Using “sus” chords to inspire beginners

Using “sus” chords to inspire beginners

sus chords

No, I’m not talking about anything ‘suss’, but rather chord “suspensions”. If you’re not familiar with suspensions, or how they can be used to inspire your students from their first or second lesson, read on…

I like to introduce triads in a student’s very first lesson or two and in some cases it’s the first thing that I do (the other is get the students improvising on the black notes while I accompany on another piano or as a duet).

Students want to start making cool-sounding music as soon as possible and chords provide one of the best opportunities to do this. Certainly, the last thing you want to begin a new student on is scales or music reading!!So, the first thing I demonstrate is the standard root position triad played with fingers 1-3-5 with thumb on C (ie. a C major triad). I get them used to playing this with their RH, accompanied by octaves in the LH (or single notes if they are little) and always using the sustain pedal.

When they can comfortably play C, I introduce A minor (moving down from middle C, as chords always sound more lush below the middle of the piano), F and G and show them how to move between them without changing their hand position too much.

This then leads onto playing this progression as a broken chord and eventually swung so that they are now playing the accompaniment to the “Heart and Soul” version of chopsticks:

Ps. My good friend Leila Viss has some great articles about using Heart & Soul in teaching here.

When students have mastered this and we’ve been able to play it as a duet at the next lesson, I explain is that instead of always playing the middle note of a triad with their 3rd finger, they can “suspend” the 3rd of the triad by playing the note that’s under either their 4th or 2nd fingers (hence sus4 or sus2 chords).

So, if you play the notes C-F-G with fingers 1-4-5 in your RH, you are playing a “suspended 4th” chord. Likewise, if you play the notes C-D-G with fingers 1-2-5, you are playing a “suspended 2nd” in whatever key you are in (C is shown).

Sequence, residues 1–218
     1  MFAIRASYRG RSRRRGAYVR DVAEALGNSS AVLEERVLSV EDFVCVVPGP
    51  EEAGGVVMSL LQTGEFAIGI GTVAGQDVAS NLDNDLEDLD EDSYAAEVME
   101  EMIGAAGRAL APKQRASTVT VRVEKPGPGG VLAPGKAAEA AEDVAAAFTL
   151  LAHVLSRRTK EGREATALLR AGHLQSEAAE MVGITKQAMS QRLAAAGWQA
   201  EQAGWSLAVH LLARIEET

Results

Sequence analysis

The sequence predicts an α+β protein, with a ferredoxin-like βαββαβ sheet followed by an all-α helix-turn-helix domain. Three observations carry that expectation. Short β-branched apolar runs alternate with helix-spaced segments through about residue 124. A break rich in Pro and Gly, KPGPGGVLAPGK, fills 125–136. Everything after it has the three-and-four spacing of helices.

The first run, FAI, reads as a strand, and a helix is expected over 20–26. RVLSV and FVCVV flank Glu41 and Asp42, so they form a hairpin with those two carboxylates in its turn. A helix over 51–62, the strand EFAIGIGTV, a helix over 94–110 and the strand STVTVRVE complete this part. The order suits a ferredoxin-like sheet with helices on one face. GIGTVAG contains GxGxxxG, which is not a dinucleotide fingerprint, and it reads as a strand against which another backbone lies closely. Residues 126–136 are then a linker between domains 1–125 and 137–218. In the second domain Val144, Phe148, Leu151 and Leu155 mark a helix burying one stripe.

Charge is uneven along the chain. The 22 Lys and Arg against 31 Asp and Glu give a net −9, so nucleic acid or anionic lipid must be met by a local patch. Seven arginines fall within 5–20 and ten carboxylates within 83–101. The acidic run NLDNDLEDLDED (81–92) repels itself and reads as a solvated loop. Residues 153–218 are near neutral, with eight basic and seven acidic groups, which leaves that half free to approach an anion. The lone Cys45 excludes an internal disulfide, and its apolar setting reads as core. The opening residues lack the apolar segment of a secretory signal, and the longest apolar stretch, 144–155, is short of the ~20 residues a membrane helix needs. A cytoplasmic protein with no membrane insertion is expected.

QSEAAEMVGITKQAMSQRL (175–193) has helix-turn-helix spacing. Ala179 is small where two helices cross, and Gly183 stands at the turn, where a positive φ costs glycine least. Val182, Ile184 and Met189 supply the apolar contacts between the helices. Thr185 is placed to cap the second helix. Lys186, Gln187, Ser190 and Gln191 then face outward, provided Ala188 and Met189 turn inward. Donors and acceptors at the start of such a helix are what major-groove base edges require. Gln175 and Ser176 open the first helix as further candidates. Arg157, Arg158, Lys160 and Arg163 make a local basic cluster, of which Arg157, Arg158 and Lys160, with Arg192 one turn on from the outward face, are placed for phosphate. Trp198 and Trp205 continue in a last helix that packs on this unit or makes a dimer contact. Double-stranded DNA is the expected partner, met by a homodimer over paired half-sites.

Suspensions, by their very nature, are designed to resolve to either the major or minor triad, and students have fun hearing this tension and resolution. Get them to try suspensions and resolutions in a few different keys before you go on.

Now for what my kids call the “Epic” sus chord progression! It’s in A minor, so get students to start by playing an Am triad with RH just below middle C, octaves A’s in LH and of course using the pedal. That is their starting position. The RH simply follows a repeating pattern played slowly:

Am sus4 x 2 / Am x 2 / Am sus2 x 2 / Am x 2

When they can play that sequence with the RH, add the LH playing A octaves in the bass. I like to get them to play one LH octave for every two chords in the RH. With the LH on A, play the full cycle of sus and minor chords in the RH.

Then move the LH down to F and repeat the same RH pattern (don’t move the RH!). Then move to D in the LH for a whole sequence and finally move up to E. I tend to change the very last two Am chords in the sequence to an E major chord in first inversion to give the progression a nice ending.

Here’s a video explanation I just put together:

I find students’ eyes light up when they hear this progression (I normally demonstrate it first) and they can wait to get into it. I reckon it is a fantastic exercise as it uses both hands and pedal, teaches students to move around the piano, to keep a steady rhythm and to articulate each finger in the RH.

You might not get through all of that in one lesson, so don’t feel you have to rush. You can get students comfortable with the “Heart and Soul” progression of triads first, then introduce sus chords the next lesson, then the ‘epic’ progression (or whatever you want to call it) after that.

There’s no right or wrong way and, of course, every student is different.

The best thing is that the above exercise naturally leads into playing chords in the RH with different bass notes. This really is the basis of a lot of cool musical progressions.

Asking a student to play any sus chord in their RH and to experiment with different bass notes in the LH uncovers some really great harmonies (and some not-so-great!).

As an example, try playing an Fsus4 chord in your RH (just below middle C, of course) and playing D flat, E flat or B flat octaves in the bass.

How cool is that?

Have you used “sus” chords in your teaching before?

How do you explore these with students – leave your thoughts below.

Tim Topham

Tim Topham is the founder and director of TopMusic. Tim hosts the popular Integrated Music Teaching Podcast, blogs regularly at and speaks at local and international conferences on topics such as integrated teaching, creativity, business, marketing and entrepreneurship. Tim has been featured in American Music Teacher, The Piano Teacher Magazine, California Music Teacher and EPTA Piano Professional. Tim holds an MBA in Educational Leadership, BMus, DipEd and AMusA.

 feeling inspired? 

sus chords
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  1. Thanks Tim that is a fun chord progression!

    If a student wants to add sus chords to a piece that doesn’t have any, is there any formula to determine where the best place is to add them?

    • Just use your ears!

  2. Tim I love it! Its fab and sounds so cool. Many many thanks for opening up a whole new world of chords to me and to my students… (That is when I get them! So until then my husband will be my guinea pig!)